how to do a resume

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    Introduce yourself by writing your name, address, phone number and email address on the top lines of your resume. Center these lines and make them bold; you can even make them a bigger type size to ensure the reader knows how to get in touch with you.

    Write a brief objective statement that describes who you are and what you hope to achieve with your resume. Do not include generic statements; point to your actual accomplishments and abilities to make your objective stand out.

    Begin a section about your professional life by writing the name of your most recent job and how long you worked there. Write four bullet points describing what you've accomplished and what you did on a daily basis. Begin each line with past-tense action verbs, such as "supervised," "analyzed" and "performed."

    Create separate headings for each of your past jobs. It's OK if you don't have as much to say about your older jobs as you do about your most recent one, but don't add items that aren't relevant to your current career or any jobs you're seeking. Stop adding older jobs when your job experience is no longer applicable to who you are today.

    Start a section about your educational past that is similar to your work experience section. This section should include any education you received after you graduated high school, including professional certifications you have earned. If your college GPA was 3.0 or higher, it should be included.

    Close out your resume by adding anything you might have missed or would be applicable to a job you want. For example, if you're applying for a job in information technology, list any advanced computer programs you know well.

    Show your resume to a trusted friend or colleague before sending it to any recruiters. Another set of eyes could uncover mistakes you didn't see or suggest accomplishments to include.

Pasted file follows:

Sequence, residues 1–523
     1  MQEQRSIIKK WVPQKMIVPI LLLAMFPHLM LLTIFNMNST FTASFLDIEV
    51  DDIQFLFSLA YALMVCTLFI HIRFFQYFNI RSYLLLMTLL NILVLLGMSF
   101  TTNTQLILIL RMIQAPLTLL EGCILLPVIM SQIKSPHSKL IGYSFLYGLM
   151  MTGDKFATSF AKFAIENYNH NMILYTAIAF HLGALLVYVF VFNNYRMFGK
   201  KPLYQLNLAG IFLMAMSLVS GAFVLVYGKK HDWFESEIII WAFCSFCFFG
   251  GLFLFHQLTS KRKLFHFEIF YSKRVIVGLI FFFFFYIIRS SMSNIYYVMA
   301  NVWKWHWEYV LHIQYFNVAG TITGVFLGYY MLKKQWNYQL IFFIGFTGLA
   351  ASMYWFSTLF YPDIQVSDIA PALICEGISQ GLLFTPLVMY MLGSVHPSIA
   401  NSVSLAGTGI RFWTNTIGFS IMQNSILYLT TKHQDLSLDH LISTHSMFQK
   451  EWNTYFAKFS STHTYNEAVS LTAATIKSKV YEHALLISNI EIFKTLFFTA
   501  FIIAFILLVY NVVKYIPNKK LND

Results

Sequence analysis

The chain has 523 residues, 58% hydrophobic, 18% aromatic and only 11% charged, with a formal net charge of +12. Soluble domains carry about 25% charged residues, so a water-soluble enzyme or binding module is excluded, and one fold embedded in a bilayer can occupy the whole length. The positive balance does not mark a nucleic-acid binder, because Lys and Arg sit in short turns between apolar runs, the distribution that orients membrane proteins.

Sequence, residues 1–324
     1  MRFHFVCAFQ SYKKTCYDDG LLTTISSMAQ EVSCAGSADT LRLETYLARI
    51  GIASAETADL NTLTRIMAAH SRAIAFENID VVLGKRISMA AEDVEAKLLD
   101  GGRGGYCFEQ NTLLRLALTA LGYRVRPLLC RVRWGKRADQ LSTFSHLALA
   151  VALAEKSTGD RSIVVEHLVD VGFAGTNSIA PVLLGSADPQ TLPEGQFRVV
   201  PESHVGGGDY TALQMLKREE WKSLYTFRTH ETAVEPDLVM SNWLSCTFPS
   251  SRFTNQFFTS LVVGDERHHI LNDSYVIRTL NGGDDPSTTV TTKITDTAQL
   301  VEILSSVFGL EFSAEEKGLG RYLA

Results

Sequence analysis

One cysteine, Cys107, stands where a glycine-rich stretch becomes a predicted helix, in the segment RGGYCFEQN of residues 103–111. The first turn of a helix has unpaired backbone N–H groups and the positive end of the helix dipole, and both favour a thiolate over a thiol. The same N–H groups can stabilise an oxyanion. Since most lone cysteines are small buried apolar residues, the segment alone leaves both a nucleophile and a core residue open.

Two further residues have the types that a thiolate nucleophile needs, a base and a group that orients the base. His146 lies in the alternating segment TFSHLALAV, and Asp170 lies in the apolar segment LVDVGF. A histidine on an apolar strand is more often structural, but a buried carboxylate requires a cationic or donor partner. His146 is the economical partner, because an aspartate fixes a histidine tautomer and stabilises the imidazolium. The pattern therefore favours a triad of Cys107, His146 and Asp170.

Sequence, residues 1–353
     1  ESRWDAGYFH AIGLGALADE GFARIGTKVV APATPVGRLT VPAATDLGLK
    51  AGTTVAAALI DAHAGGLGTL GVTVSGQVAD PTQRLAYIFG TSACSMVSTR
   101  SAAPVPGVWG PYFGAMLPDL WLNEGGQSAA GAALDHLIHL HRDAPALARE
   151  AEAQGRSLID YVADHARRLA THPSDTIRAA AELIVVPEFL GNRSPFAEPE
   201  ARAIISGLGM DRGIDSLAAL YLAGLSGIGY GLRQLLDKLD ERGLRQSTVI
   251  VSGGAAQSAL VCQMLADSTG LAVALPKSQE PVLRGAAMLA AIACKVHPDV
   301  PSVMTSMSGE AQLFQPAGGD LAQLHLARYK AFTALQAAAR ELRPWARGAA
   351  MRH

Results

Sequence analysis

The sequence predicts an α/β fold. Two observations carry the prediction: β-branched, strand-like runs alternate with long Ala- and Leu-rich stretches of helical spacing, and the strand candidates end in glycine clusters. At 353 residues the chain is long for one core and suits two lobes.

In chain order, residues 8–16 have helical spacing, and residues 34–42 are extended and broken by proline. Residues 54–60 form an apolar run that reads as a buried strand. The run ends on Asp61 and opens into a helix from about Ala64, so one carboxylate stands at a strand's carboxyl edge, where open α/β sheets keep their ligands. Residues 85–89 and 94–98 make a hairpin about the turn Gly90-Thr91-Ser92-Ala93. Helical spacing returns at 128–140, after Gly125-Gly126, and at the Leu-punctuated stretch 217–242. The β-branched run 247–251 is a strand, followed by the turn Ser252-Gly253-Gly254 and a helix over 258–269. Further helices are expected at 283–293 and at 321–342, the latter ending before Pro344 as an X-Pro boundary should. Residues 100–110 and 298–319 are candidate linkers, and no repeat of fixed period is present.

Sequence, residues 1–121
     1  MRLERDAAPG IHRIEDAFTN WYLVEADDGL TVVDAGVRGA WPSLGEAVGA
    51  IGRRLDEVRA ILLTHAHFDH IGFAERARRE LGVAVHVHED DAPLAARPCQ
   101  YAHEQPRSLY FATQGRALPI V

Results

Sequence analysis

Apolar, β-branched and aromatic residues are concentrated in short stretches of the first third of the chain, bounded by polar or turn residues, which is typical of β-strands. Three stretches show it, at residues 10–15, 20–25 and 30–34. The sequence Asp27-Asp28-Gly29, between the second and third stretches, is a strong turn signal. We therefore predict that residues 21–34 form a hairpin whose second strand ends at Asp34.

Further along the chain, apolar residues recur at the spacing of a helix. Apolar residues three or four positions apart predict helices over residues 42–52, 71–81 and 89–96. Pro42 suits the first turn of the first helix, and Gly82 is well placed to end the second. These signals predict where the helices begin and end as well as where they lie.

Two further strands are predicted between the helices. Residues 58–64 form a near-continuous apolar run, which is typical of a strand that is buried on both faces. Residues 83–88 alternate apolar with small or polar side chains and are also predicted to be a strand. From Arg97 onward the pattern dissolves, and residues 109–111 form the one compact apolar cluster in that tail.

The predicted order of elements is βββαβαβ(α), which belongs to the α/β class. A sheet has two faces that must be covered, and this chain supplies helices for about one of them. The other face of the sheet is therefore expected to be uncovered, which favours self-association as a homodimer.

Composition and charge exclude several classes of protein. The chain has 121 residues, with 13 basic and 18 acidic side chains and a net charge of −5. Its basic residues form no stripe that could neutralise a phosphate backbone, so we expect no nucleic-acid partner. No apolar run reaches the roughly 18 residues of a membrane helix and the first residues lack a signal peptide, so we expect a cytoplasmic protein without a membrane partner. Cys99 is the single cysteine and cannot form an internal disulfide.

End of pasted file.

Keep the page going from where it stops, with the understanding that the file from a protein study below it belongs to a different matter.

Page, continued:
Tips & Warnings
    Strive for professionalism with your resume. Use a font that's professional and that reads well both on screen and on paper. Use a professional email address that doesn't suggest immaturity on your part.

    Resume experts are conflicted about the role of the objective statement, which seems redundant to some and necessary to others. If you're not confident in your objective statement, you can leave it out; you can also use that space to create a one-sentence summary of your abilities that is bolstered by the content of your resume.

    Be as specific as you can within your resume. If you don't use specific facts and use industry terms, you stand a chance of never having your resume read. Many companies use scanners that filter out resumes that don't have certain keywords that employers are looking for. Avoid this by using terms found in the job description and giving a detailed account of your professional experience.

    Read more: How to Create A Resume |

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